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Is there any way to disable keyboard shortcuts in MacVim? I mean the shortcuts like Cmd + s for example, I want to convince myself to use things like :w, but I can't do so if I can save the file using Cmd + s, you get me?

But I of course, still want to use the GUI, so is there any way to disable these, without stoping using the MacVim GUI?

Thanks for your help. BTW I made a Google search and wasn't able to find an answer.

EDIT:
Following @ChrisJohnsen's suggestion, I have already tried the following with no success:

if has('gui_running')
    macmenu File.Save key=<nop>
    macmenu File.Save\ As\.\.\. key=<nop>
endif

EDIT 2:
I moved the error I'm getting over to this other question: When I try to run vim in command line I get Python errors

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2 Answers 2

up vote 4 down vote accepted

There is no simple way to disable all of the pre-defined Mac-style keyboard shortcuts, but you can definitely change/disable any of them. The important command is :macmenu (see :help :macmenu); it lets you set the Mac-specific properties of any Vim menu item (mostly Mac-specific keyboard shortcuts and Mac-specific actions (e.g. open/save dialog boxes, window manipulations, etc.)).

macmenu File.Save key=<nop>
macmenu File.Save\ All key=<nop>
macmenu File.Save\ As\.\.\. key=<nop>

The thing is that :macmenu commands are only effective if they are in your .gvimrc file.

If you do :e $VIMRUNTIME/menu.vim and search for macm, you will find the list of pre-defined shortcuts and actions. Copy the desired lines to you .gvimrc and replace key=<whatever> with key=<nop>. You can also wrap them in if has("gui_macvim") / endif if you need your .gvimrc to work on multiple platforms.

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I tried it, but for some reason it does not work. I posted in the OP what I've tried. Thanks! –  Greduan Nov 18 '12 at 13:30
    
Are you sure you put the entries in your .gvimrc (g for GUI), not your .vimrc? They will only work in .gvimrc (and they do work for me). –  Chris Johnsen Nov 18 '12 at 20:04
    
I didn't put them in my .gvimrc, I put them in my .vimrc, however I did enclose it within if has('gui_running'), and inside that if has('gui_macvim') –  Greduan Nov 18 '12 at 20:59
1  
They must be in .gvimrc; using has('gui_running') is not an effective substitute. The problem is that .vimrc runs before menu.vim where the defaults are assigned (any “overrides” done in .vimrc will be undone by menu.vim); .gvimrc runs after menu.vim (any overrides done there will not be undone; .gvimrc is basically the last init file to be processed). –  Chris Johnsen Nov 18 '12 at 21:10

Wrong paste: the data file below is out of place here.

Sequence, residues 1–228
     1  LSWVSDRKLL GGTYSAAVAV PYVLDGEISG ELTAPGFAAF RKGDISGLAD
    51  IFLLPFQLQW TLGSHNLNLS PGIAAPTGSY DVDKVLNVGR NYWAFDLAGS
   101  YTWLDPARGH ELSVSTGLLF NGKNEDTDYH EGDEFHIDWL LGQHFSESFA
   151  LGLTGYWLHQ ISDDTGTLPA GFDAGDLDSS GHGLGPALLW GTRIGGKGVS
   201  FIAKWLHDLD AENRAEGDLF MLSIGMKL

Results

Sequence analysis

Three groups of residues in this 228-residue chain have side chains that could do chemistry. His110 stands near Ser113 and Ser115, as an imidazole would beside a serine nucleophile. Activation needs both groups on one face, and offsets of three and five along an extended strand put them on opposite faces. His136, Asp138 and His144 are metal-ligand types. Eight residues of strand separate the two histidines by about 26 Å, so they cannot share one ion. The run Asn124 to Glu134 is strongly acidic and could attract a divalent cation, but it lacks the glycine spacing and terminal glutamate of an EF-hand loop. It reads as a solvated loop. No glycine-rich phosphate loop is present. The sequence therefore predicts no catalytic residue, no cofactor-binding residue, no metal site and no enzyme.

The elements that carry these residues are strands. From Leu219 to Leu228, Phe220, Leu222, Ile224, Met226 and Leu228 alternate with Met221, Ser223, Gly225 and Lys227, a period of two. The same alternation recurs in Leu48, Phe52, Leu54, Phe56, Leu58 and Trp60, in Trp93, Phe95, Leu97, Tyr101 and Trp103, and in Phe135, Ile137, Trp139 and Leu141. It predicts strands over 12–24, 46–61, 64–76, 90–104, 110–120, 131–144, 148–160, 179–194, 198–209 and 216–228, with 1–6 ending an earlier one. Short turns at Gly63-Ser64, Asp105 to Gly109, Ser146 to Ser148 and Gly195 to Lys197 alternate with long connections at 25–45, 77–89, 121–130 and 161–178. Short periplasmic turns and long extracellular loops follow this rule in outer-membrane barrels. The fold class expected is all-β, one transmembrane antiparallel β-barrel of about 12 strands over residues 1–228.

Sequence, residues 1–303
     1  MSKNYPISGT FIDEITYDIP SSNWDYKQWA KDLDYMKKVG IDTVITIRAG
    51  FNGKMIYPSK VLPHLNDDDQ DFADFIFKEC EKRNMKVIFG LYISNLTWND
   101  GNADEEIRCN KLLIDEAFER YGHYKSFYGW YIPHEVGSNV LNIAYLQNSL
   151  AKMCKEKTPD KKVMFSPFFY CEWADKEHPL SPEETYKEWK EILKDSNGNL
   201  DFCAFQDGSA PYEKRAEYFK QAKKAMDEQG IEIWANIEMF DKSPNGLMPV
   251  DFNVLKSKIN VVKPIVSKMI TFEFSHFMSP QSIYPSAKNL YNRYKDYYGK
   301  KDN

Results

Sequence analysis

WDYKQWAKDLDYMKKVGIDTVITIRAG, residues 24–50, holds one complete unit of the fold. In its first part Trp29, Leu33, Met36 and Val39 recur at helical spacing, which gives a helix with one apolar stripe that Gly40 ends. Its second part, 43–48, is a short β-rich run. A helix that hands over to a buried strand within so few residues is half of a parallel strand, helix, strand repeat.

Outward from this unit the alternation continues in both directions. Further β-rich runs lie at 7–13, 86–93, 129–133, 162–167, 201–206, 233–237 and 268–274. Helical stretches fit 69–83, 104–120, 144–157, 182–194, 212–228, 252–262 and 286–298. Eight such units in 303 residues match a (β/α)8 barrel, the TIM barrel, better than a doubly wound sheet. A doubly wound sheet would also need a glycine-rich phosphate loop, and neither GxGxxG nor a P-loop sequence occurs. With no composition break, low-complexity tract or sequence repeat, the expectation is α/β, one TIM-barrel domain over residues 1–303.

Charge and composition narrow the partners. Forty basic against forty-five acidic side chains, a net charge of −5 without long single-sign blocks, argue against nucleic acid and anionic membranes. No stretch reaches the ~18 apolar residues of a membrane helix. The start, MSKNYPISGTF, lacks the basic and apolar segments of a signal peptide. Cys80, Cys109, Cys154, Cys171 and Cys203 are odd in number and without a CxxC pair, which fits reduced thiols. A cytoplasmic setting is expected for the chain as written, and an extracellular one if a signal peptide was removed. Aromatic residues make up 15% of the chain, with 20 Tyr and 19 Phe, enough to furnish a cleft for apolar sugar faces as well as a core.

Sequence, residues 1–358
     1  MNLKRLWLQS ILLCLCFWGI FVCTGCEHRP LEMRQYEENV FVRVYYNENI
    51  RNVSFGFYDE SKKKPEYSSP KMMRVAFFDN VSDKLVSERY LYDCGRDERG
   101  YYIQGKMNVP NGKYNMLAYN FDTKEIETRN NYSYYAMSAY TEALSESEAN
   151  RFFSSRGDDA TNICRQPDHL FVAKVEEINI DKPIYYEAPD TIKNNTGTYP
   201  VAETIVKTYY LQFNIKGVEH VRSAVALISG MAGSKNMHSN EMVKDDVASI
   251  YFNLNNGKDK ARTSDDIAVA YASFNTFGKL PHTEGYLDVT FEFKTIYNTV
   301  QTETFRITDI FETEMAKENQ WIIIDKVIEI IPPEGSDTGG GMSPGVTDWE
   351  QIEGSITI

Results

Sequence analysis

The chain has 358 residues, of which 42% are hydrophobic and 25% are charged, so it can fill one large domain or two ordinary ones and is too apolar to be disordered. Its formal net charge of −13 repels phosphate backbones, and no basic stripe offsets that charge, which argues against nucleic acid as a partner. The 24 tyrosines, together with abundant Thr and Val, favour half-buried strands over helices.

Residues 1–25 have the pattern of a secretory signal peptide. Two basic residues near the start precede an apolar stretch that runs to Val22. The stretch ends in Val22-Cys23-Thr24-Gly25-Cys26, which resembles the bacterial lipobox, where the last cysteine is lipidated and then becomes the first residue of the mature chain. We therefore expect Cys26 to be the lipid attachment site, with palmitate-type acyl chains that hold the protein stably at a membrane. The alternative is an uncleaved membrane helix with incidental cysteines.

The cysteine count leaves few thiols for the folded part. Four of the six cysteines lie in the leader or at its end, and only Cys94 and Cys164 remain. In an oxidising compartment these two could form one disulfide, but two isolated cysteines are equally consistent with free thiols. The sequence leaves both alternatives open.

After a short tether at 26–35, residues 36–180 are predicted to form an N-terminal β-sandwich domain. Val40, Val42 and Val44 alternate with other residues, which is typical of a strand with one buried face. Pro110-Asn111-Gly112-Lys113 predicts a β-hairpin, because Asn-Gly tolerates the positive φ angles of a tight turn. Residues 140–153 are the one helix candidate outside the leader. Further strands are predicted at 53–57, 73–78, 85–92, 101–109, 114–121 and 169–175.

Brilliant! It worked, thanks! –  Greduan Nov 18 '12 at 21:20

MacVim has only one "advantage" over plain Vim: it supports native Mac OS X shortcuts. If you don't want those shortcuts you might as well simply use plain Vim.

FWIW, when I switched from TextMate I, too, found after a while that these native shortcuts were an obstacle on my way to learning Vim. My solution was to focus my efforts on plain Vim. After a week in the terminal you should be able to completely disregard those shortcuts.

I'd advise you to take a little pause and think about doing things in a more appropriate order:

  1. In the terminal, do $ vimtutor as many times as needed.

  2. In the terminal again, use $ vim for simple tasks first then more complex tasks. There's a predictable productivity hit at the beginning but it will last only a few days/weeks.

  3. Once you have reached your previous level of productivity, you can start to fly Vim full-time. At that point, using MacVim or GVim or plain $ vim should make no difference whatsoever.

Bonus points for not relying too much on plugins, other people's vimrcs or "distributions" like janus or spf13…

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I think I'll do that, one reason I didn't is because all my color schemes act really strange with the Terminal, I've tried all sorts of stuff, but doesn't work. I think I'll just train myself to not use shortcuts, unless the question below works. –  Greduan Nov 18 '12 at 13:31
    
Don't worry about colorschemes: the default ones work just as well as the cool ones. Focus on the core parts instead: Ex commands, text objects, motions, macros, substitutions… –  romainl Nov 18 '12 at 13:39
    
See, the problem is, even the default one looks strange. And I think you can agree that without a color scheme it's kind of hard to code. But, nevertheless, I'm gonna try to fix it, solve it, and follow your tips. :) –  Greduan Nov 18 '12 at 13:45
    
Try :color desert, it's easy on the eyes even in a 16 colors terminal. –  romainl Nov 18 '12 at 14:21
1  
This is matter for another question. –  romainl Nov 18 '12 at 15:56

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